Since 1961, Blake has recorded over 50 albums, but his work with Lee will always stand out. Ja-Da (Take 1), the eighth track on CD 1, is an example of their outstanding chemistry. It is a stunning scat performance by Lee who sings with ease and does not miss a beat, while Blake creates a staccato melody.
Track 14 is a live version of Parker’s Mood, a cover of the Charlie Parker Quartet’s original slow and dreamy instrumental ballad. While Blake maintains his jazz piano style, Lee chooses to perform lyrics (which were originally written by King Pleasure in 1955) in a much more blues-influenced style. Simultaneously, she pays homage to the tradition of vocalese, which is considered the “art of writing lyrics to fit recorded instrumental solos.” The song is smokey, bluesy with an under layer of an upbeat piano tempo, which again, makes the duo extremely unique and at times experimental.
Lee and Blake enjoy minor notes. They are attuned to creating a slanted, a-tonal style of their duets, covers and renditions, which made their live performances entrancing to their audiences. What’s also interesting is that they are able to weave in and out of their a-tonal, minor jaunts into more traditional jazz, new jazz and bebop effortlessly. Their style of improvisation cannot be duplicated, giving them a solid, impenetrable legacy, which is why their albums are still being released today.
CD 2 of the compilation opens with “Out of This World,” a standard best known by the Arlen Harold and John Coltrane’s collaborative version featured on the 1962 album, Coltrane. Lee and Blake’s version is performed in a quicker tempo and a bit off syncopation, as Blake’s piano and Lee’s voice never completely line up with one another which makes their version loosely composed, which was the charm of the duo’s work.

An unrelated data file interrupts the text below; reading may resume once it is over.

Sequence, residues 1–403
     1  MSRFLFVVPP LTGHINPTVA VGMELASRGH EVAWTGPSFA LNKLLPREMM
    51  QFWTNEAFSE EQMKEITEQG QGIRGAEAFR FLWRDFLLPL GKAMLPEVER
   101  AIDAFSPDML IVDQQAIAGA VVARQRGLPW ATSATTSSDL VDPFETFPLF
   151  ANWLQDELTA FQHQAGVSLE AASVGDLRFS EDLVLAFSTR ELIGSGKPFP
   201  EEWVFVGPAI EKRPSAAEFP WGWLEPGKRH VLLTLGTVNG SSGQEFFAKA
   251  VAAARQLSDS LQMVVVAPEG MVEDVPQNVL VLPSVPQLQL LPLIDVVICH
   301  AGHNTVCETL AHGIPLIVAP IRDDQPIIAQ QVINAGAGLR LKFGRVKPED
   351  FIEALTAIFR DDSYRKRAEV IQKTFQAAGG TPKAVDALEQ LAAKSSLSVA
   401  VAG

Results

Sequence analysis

This album shows diverse performances from Blake and Lee. There are some compositions where the two are parallel to each other, with every beat in sync, but there are other times when their music is carefree. This may be due to some performances having been rehearsed or performed many more times than others.
The 24th track, “The Frog, the Fountain, and Aunt Jane” is an original solo composition written by Blake. The brief, less than three minute piano piece is fanciful, similar to compositions like Peter and the Wolf, and of course, is able to create several movements within a couple of minutes, moving from staccato expressions to chord heavy ornamentations and back. Blake also changes time signatures, but not the tempo of his song. This piece seems to tell a story, though done quickly, it is able to paint musical imagery in its own way.
Finally, track 33, “Spring Can Really Hang You Up the Most” is a well-known jazz standard, sung by vocal greats like Sarah Vaughan, Betty Carter, Chet Baker, Bette Midler, Barbra Streisand and others. Lee and Blake keep it simple, but Lee’s vocals and Blake’s bassy, thick, chord progressions make the hairs stand up on the back of your neck.
This compilation of unreleased studio and concert performances recorded in Belgium in 1966 and 1967 doesn’t seem to have a method to its madness … and I say that in a good way. The songs don’t flow extremely well, but the album generously gives as much music as one would possibly need. It takes time to digest and leaves the listener curious for the backstory of the standards – who wrote the original songs? What year? How do Lee and Blake’s versions differ from the several different versions of many of these songs?
You have to appreciate that there are so many songs, but I believe it would have been best to split the two albums, releasing one record, then the other months or a year later, making it easier for the listener to not have to digest so much music at once. There is much left to the imagination, but the album makes a point of being as diverse and off kilter as the duo it is featuring.
Written by Jordannah Elizabeth, June 5, 2020